A month or two ago I did an interview with Matthew O’Connell for his ‘Imperfect Buddha’ podcast, where I talked about doing research on Western esotericism as an anthropologist and scholar-practitioner, and about some of the more ‘fringe’ dimensions of global Tibetan Buddhism today. I ended up talking a lot about myself and not that much about the specific details of my research, and Matthew barely got a word in edgeways, but it is what it is. Many of the posts and articles on this blog get a mention. I no doubt said a lot of things that would benefit from further qualification and which I would probably take issue with if I heard myself saying them now. The thought of listening to my voice drone on for that long curdles my juices and fills me with acute horror though, so I’m can’t be sure – you’ll just have to listen to the interview yourselves and tell me how it makes you feel instead.
Shout out to Matt for arranging things, and thinking I was interesting enough to have on the show. Let me know what you think!
Here’s my second piece for Savage Minds, and the first of the four-part guest-blogger series I did during October last year.
This essay offers a brief overview of my current dissertation research project on ngakpa and ngakpa lineages in exile and outside of Tibet. I tried to make this piece a useful summary of some of the dimensions of ngakpa/ma histories, orientations, practices, and lineages that I thought were of interest, especially for an anthropological audience perhaps less familiar with Tibetan societies and Vajrayana. Continue reading →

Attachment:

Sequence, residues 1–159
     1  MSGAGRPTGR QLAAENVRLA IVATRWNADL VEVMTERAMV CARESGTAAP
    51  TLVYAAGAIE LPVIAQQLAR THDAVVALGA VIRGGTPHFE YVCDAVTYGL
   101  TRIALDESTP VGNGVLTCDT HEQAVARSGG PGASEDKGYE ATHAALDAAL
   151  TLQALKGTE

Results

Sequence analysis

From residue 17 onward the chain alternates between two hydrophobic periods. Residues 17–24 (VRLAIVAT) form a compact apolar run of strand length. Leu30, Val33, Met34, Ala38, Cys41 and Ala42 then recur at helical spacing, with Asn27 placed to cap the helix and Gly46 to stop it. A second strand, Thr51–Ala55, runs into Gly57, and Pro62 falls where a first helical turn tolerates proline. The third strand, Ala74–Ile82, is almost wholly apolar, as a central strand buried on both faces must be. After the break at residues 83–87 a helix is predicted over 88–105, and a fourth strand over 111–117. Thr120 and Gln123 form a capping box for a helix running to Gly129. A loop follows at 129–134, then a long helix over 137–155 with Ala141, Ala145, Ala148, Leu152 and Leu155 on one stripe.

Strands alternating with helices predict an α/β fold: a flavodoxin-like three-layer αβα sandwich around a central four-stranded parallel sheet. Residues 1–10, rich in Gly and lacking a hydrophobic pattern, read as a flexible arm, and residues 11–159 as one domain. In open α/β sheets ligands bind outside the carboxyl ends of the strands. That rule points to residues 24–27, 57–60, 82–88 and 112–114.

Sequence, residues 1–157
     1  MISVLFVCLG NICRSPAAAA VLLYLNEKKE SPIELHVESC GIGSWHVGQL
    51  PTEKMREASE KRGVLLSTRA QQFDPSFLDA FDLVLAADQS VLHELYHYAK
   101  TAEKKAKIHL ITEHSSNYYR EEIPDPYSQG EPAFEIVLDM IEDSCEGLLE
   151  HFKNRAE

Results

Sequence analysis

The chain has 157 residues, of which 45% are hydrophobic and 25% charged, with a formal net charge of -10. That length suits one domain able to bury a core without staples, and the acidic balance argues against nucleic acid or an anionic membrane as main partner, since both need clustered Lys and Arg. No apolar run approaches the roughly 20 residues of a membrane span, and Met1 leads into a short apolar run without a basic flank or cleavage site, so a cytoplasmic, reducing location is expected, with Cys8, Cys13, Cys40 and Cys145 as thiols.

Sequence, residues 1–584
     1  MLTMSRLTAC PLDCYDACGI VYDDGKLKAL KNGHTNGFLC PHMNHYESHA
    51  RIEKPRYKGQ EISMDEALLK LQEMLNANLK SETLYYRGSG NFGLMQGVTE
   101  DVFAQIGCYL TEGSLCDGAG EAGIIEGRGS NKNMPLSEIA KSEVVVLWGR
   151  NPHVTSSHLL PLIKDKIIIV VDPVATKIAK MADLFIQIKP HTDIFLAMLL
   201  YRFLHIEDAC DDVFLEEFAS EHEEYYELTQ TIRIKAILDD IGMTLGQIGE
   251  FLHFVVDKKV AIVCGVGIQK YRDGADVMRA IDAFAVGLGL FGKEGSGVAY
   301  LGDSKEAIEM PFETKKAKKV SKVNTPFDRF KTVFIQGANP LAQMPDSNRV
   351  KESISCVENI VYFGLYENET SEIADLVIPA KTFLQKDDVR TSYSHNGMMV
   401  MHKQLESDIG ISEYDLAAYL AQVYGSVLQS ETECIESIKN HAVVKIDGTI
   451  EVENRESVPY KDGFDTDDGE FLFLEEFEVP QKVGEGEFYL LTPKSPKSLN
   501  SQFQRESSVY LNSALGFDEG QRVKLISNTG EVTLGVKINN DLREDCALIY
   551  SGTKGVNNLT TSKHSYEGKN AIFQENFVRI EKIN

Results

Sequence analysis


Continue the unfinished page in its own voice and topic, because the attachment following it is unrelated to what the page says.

(I originally made the following post on my Facebook page on April 7th. I reproduce it here, along with some clarifications and further reflections at the end. This picture collage shows the Nechung kuten in trance at the top, the Tsering Chenga goddesses possessing their medium on the bottom left, and Security and Welfare minister Mr Ngodup Drongchung is on the right, during an interview with Tibetan exile media immediately following his resignation)
Tibetan social media and exile society have been alive of late with commentary about the recent pronouncements and actions made by some of the Tibetan state oracles here in India. The state oracles, who are known in Tibetan as ཆོས་སྐྱོང ༼chökyong༽ or བསྟན་སྲུང་ ༼tensoong༽, i.e. ‘dharma-protectors’, are powerful and ferocious spirits – supernatural bouncers or ‘fixers’ – who are oath-bound to serve the Dalai Lama, the Tibetan government and the Tibetan people by providing prophetic advice on religious issues and affairs of state. Continue reading →